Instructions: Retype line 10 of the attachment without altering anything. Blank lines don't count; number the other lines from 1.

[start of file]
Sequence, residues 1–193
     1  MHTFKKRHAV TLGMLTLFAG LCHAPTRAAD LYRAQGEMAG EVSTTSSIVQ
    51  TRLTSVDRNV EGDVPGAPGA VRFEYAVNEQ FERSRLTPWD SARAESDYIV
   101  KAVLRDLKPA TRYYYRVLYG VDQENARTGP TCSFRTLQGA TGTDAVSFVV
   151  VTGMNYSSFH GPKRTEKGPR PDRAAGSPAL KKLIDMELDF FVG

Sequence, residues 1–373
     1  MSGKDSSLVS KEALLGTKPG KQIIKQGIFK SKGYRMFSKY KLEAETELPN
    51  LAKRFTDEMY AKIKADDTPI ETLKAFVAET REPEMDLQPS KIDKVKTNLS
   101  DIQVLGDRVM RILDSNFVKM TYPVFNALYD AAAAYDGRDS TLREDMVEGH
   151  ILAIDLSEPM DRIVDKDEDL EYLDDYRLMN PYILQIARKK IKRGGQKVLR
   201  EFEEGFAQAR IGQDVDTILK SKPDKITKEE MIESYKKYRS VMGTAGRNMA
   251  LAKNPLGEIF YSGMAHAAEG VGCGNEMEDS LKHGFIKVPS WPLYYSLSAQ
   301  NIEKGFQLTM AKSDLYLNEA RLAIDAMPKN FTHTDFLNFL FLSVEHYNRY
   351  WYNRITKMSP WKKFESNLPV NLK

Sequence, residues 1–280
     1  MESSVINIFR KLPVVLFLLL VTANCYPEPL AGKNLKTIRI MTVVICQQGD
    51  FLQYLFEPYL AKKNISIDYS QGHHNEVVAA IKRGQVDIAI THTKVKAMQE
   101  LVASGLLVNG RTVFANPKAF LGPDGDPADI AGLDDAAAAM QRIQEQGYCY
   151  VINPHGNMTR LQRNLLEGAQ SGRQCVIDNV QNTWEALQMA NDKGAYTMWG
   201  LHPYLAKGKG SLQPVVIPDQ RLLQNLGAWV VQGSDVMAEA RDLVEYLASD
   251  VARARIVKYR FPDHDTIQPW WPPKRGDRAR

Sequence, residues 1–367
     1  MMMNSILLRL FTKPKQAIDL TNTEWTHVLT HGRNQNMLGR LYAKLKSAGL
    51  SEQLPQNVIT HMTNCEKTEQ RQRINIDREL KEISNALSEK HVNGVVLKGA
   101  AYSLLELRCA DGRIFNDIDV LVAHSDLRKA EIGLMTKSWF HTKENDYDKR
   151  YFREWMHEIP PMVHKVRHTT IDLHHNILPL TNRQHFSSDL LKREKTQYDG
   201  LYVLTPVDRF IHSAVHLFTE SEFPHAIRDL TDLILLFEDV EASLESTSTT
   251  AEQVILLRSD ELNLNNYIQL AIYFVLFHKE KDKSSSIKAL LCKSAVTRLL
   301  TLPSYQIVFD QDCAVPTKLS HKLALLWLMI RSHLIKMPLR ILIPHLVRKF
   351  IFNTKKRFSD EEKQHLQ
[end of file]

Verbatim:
   151  ILAIDLSEPM DRIVDKDEDL EYLDDYRLMN PYILQIARKK IKRGGQKVLR